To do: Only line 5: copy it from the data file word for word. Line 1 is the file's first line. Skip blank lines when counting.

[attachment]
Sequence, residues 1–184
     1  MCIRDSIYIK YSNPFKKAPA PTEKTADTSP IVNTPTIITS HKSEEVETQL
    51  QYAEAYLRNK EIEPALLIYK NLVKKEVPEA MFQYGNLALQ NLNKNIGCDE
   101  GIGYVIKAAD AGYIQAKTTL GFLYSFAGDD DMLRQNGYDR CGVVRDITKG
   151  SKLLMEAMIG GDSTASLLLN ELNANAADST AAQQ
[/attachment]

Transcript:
   151  SKLLMEAMIG GDSTASLLLN ELNANAADST AAQQ